Wildstein is still routinely described in mainstream media reports, including the Times story, as an old high-school chum of Christie’s, while the Governor maintains they were classmates who didn’t know each other terribly well, and didn’t stay in close touch over the years. The harsh current portrayal of Wildstein leads Christie critics to wonder why the governor would put such a scalawag in a top job at the Port Authority; the governor’s office says, in essence, that they didn’t know what kind of person he really was until he got involved in closing those bridge lanes as an act of political revenge. Christie’s account of their relationship is hardly implausible; people get into government office based on a good resume and tenuous connections all the time.
Wildstein took the Fifth when grilled by a state panel on the bridge closings, after which his lawyer said he’d be willing to talk if granted immunity. That’s exactly what happened with IRS scandal maven Lois Lerner, but the media didn’t seem to think it was all that remarkable in her case. Skeptics of Wildstein’s claims naturally suspect he’s grabbing headline space to sweeten that immunity deal, and point to the media’s natural political and soap-opera interests in playing up the drama between he and his former boss. Personal conflicts always add spice to a story.
Unexpectedly stepping up to bat for Christie is the top Democrat on the George Washington Bridge closing probe, as reported by Reuters:
A New Jersey Democrat leading a probe of the bridge traffic scandal that has engulfed Governor Chris Christie said on Sunday he has seen no evidence to support claims that the governor had been aware of the apparently politically motivated traffic jams as they happened.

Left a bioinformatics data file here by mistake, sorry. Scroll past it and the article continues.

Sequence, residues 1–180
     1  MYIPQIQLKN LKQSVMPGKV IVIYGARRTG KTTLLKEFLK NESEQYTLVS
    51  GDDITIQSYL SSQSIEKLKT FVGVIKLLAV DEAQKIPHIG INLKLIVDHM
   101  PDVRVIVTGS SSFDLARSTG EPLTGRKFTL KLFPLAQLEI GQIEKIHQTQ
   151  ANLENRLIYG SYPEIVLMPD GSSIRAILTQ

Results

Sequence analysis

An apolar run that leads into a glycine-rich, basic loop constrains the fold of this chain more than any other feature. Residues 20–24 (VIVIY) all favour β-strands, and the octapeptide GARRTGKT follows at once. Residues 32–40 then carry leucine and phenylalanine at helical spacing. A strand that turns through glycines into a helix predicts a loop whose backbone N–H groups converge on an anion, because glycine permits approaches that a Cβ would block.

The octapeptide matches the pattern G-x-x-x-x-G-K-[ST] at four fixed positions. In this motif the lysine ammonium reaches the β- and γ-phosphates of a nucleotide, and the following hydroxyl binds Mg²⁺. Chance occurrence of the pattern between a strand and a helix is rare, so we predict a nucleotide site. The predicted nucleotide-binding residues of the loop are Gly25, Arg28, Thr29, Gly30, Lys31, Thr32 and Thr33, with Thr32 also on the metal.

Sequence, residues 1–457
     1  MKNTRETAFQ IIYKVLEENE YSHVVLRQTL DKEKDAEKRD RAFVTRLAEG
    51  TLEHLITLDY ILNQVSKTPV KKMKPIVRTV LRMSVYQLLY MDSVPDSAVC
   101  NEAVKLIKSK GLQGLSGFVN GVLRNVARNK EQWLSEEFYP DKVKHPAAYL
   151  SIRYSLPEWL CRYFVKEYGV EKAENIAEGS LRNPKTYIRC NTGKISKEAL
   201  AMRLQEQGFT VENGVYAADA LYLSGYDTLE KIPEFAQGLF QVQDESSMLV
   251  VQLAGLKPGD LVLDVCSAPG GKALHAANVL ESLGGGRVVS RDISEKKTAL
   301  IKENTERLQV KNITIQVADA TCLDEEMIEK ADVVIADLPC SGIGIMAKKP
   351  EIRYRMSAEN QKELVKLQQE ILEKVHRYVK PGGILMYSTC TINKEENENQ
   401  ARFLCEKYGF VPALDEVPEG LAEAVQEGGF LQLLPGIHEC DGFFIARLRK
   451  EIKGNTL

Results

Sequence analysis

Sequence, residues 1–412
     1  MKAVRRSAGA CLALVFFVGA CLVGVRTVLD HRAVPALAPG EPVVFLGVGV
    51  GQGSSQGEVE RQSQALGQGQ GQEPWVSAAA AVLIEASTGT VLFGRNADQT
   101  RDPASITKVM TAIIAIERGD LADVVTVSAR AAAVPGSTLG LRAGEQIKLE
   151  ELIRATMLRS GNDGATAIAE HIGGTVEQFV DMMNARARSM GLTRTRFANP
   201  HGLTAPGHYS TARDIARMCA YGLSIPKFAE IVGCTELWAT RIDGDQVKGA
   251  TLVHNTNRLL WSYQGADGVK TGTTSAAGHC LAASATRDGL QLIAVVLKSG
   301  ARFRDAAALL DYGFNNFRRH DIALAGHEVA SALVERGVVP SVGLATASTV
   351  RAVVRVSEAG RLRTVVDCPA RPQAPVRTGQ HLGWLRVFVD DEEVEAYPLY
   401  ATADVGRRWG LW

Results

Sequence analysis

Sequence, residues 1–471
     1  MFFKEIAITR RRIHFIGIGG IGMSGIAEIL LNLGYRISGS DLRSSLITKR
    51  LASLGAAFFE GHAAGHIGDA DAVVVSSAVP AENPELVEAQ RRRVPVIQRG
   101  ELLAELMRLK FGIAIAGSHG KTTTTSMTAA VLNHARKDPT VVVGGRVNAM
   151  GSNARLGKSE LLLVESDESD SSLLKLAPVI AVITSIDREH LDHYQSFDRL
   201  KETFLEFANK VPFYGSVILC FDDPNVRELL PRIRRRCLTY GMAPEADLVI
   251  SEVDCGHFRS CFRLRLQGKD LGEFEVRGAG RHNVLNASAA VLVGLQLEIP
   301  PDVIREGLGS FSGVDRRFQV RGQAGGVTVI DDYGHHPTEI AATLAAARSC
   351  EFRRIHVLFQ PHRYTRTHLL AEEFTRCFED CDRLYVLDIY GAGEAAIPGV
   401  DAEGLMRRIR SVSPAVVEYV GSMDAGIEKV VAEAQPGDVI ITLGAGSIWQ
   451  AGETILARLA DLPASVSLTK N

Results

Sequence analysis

The remarks by Assemblyman John Wisniewski, who co-leads the probe, came two days after a former Christie appointee at the agency overseeing the bridge who personally oversaw the lane closures said “evidence exists” that Christie had knowledge of the blockage when it happened.
If such evidence does exist, a state panel investigating the closures has not yet seen it, Wisniewski said.
But the same article notes that Governor Christie’s Director of Intergovernmental Affairs resigned on Sunday, and although she says she’s been thinking about leaving ever since the Governor was re-elected, she’s got a Bridgegate subpoena on her desk, as do a number of other top officials in the Christie administration, so the merry-go-round of the story keeps turning.
The way this has been playing out should answer any lingering questions about why President Obama never, ever fires anybody, no matter how badly his Administration screws up – not even when it seems as though the public would applaud his leadership in removing incompetents and malefactors from the federal government. As soon as someone loses their job, the story becomes a Big Effing Deal (to borrow a famous Joe Biden phrase) with blood in the water. Losing their jobs tends to loosen the tongues of loyal underlings. Personal drama humanizes the story – what could be juicier than Governor Christie’s office bullet-pointing local school board election complaints from the 16-year-old David Wildstein to illustrate how “tumultuous” he is?
“Every time the scandal begins to recede, a new development thrusts it back into the spotlight,” intones CBS News, whose “new development” is that today was the deadline for some document subpoenas. How many such deadlines have come and gone for hundreds of document requests ignored by the Obama Administration, without a word of mainstream media commentary? A lot depends on who runs that spotlight, and where they choose to point it.